Exercise: How much is should we be doing?

Exercise: How much is should we be doing?

Exercise: How much is should we be doing?

For years many of us have been strapping on our pedometers and marching towards 10,000 steps per day, yet apparently the magic number that we should all be aiming for is 15,000.

New research in The International Journal of Obesity suggests that the recommended number of daily steps may actually fall short in terms of slashing your risk of heart disease.

For the study, researchers in the UK recruited 111 Scottish postal workers who engaged in varying levels of physical activity: Some were office-bound with desk jobs, while others delivered mail on foot.


Perhaps unsurprisingly, the postal workers who sat for most of the day also had larger waistlines, higher triglycerides (a type of blood fat), and lower HDL cholesterol (the good kind). On the other hand, the more time postal workers spent upright or walking, the smaller their waistlines, the lower their triglycerides, and the higher their HDL cholesterol.

But the best results belonged to workers who walked 15,000 steps a day (or spent more than seven hours of their day upright). These people had normal metabolic characteristics—and no heightened risk for heart disease.

Dr Mike Knapton, associate medical director at the British Heart Foundation, said: "Levels of physical inactivity and sedentary behaviour in the UK remain stubbornly high, and, combined, these two risk factors present a substantial threat to our cardiovascular health and risk of early death."

Evidence shows keeping physically active can reduce the risk of heart and circulatory disease by as much as 35% and risk of early death by as much as 30%.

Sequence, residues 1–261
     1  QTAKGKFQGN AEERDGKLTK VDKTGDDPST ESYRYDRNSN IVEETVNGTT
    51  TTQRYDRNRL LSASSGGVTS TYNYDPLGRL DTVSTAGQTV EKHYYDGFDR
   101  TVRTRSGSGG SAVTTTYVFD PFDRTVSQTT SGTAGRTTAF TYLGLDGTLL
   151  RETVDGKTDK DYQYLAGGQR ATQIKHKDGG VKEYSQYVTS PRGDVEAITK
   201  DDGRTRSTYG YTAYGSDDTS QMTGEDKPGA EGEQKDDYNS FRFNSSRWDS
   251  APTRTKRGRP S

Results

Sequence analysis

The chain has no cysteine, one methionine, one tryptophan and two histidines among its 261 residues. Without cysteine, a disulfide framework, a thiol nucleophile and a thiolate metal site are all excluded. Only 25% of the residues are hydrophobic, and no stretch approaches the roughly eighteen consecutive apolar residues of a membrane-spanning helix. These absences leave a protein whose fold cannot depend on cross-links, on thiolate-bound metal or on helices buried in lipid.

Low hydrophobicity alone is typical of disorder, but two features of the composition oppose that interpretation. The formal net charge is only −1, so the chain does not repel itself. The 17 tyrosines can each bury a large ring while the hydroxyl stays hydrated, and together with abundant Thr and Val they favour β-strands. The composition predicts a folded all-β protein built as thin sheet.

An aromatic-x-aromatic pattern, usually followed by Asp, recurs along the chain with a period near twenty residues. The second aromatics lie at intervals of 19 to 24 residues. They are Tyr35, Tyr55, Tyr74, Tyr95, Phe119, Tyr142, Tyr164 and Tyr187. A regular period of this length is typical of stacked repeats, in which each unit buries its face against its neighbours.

Health experts recommend that you should take part in at least 150 minutes of exercise per week, this can include anything from a brisk walk to swimming or even household chores such as vacuuming or mowing the lawn. 

In order to maintain overall health it's also recommended that you take part in at least 2 sessions of strengthening exercise per week. This can include anything from yoga, to sit ups and push ups and even carrying the shopping in - strengthening exercises which include all your muscles is key!

So if we really put our minds (and body's) to it, that doesn't sound too hard to achieve does it? But, here's the catch - all of that hard work and exercise is counteracted if you sit for prolonged periods of the day. So if like many, so many of your daily tasks involve you being desk-bound what can you do to avoid being so sedentary? 

Health guidelines state that office workers should try and break up long periods of sitting with gentle low-impact exercise. A treadmill desk, is a great solution for many businesses and users alike, the treadmill desk is a height adjustable desk positioned above a walking treadmill. The walking workstation allows users to keep active at work without breaking away from their desk, workers are simply trading in their desk chair for a treadmill.

Since the launch of The Treadmill Desk Store in 2015 we have sold more than 200 units to businesses and home office users, some of the UK's biggest brands are now walking and working. The health benefits are endless, and the one thing that all health experts can agree on is that the Treadmill Desk promotes better office health and are a great way to reverse our sedentary lifestyles.    

Please get in contact with us if you think you could benefit from a Treadmill Desk.